If you don’t understand it yet, 2019 is the year to get to grips with cryptocurrency. Knowing your Bitcoins from your blockchains will soon be required by EU regulations. The Fifth Money Laundering Directive (5AMLD) must be implemented into national law by 10 January 2020, so there’s only one year to make sure your company understands cryptocurrency, not to mention complying with the new regulations.

Learn more: Cryptocurrency module included in AML 360° course

The Fifth Directive provides a legal definition of cryptocurrency, along with designating them and the exchanges and wallet providers as obliged entities, subject to the same AML procedures as other financial institutions. This will require them to conduct due diligence and submit suspicious activity reports where required. At the same time, it is important for institutions not to be biased against cryptocurrency use and automatically flag it as a risk. Due to their nature, cryptocurrencies can actually be more transparent than traditional currency transactions or other financial instruments. Ensuring all staff, in particular risk and due diligence departments, understand the cryptocurrency world is another thing to tick off in 2019.

4. International Sanctions and Iran

In November 2018 the US pulled out of the Iran Deal and sanctions snapped back in place. The CFO of Huawei was arrested in Canada awaiting extradition to the US on charges of violating Iran sanctions. The Trump Administration is expected to squeeze the Islamic Republic even further.

FinCEN has warned that Iran is laundering nearly $4bn of Bitcoin every year in order to evade sanctions. It warned that institutions must review blockchain ledgers for any activity that could have originated in Iran.

Learn more: VinciWorks’ online sanctions training

The breadth of businesses legally required to implement UK sanctions law has vastly expanded in recent years to cover a great deal more than financial services or law firms. Under The European Union (Amendments of Information Provisions) Regulations 2017, it is a criminal offence for businesses in the following industries to fail to report a suspicion of a sanctions breach:

  • Auditors
  • External accountants
  • Law firms and sole practitioners
  • Tax advisers
  • Trust or company service providers
  • Casinos
  • Dealers in precious metals and stones
  • Estate agents

If there is reasonable cause to suspect someone is subject to an asset freeze or has committed a sanctions offence and that knowledge or suspicion is not reported to the Office of Financial Sanctions Implementation, staff could face imprisonment of up to 12 months and/ or a £5,000 fine. Sanctions compliance is only set to grow in complexity in 2019 as geopolitical relations fragment.

With the UK setting up its own post-Brexit sanctions regime, there will be another set of international sanctions to comply with. To make matters more complicated, the US withdrawal from the Iran Deal and the EU’s decision to stick with it could leave Britain between a rock and hard place as it figures out its own independent sanctions regime.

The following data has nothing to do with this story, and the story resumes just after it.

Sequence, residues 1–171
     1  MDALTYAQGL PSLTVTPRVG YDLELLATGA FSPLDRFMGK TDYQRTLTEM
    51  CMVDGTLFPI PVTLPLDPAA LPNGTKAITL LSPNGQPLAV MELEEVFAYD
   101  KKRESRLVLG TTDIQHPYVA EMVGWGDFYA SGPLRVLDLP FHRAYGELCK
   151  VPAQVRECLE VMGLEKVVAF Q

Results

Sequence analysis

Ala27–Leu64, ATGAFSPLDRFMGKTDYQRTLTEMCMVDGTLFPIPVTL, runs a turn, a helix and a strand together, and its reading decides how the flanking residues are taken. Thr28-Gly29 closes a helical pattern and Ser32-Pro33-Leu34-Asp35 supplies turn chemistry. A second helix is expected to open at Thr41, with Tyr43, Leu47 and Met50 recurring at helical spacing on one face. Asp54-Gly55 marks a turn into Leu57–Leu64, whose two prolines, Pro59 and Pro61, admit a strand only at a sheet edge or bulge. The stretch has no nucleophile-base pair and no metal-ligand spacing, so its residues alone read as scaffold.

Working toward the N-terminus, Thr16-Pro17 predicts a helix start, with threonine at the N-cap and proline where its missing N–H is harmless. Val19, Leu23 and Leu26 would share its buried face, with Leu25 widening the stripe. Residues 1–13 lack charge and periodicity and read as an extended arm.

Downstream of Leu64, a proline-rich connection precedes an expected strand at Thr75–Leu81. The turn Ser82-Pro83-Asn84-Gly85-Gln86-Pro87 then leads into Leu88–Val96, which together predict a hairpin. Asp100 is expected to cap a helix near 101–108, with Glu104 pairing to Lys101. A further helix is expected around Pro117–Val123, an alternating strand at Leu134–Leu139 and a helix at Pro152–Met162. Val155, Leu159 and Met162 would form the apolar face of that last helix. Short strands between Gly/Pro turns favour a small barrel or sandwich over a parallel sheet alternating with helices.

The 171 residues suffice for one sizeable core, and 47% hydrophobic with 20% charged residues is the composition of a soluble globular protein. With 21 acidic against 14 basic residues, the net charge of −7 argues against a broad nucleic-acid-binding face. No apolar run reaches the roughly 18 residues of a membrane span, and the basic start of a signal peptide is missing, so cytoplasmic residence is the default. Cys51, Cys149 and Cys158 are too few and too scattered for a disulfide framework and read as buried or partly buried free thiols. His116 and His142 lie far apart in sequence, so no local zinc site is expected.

5. Sexual harassment and whistleblowing

The wave of sexual harassment scandals unleashed by the #MeToo movement shows no sign of abating. In some jurisdictions, this has even led to legislative action such as the Stop Sexual Harassment in NYC Act and doubtless more places to follow.

Harassment and bullying don’t occur because people don’t know any better. People know what’s inappropriate and what’s not. They know what is considered harassment and what’s not. Predators and bullies choose to ignore it because they can, and because they think they can get away with it. We want that to stop. For as long as abusers have somewhere to hide, for as long as people are more comfortable with silence than with transparency, sexual harassment will continue as unchecked as ever.

Putting in place effective sexual harassment training should be very high on the compliance agenda for 2019, but more than that, investigating how effective the procedures that enable people to report harassment must also be reviewed. Training can only tackle harassment embedded in a workplace culture when combined with effective reporting and whistleblowing procedures. The failure or unwillingness to address how people can report harassment and have those reports taken seriously will ensure any additional training or compliance measures won’t go very far. Make sure in 2019 your harassment efforts consider how people can report and assess the effectiveness of those measures. In addition to effective sexual harassment training, businesses should consider implementing whistleblowing portals to ensure staff can easily report inappropriate behaviour anonymously.

6. SRA Handbook reforms

In April 2019 the Solicitor’s Regulation Authority’s (SRA) changes to the SRA Handbook are set to be enforced. Some of the key changes include:

VinciWorks recently hosted a webinar covering the upcoming changes to the Handbook. We will also be releasing a new course covering all the reforms. To get notified when the course is ready, complete this short form.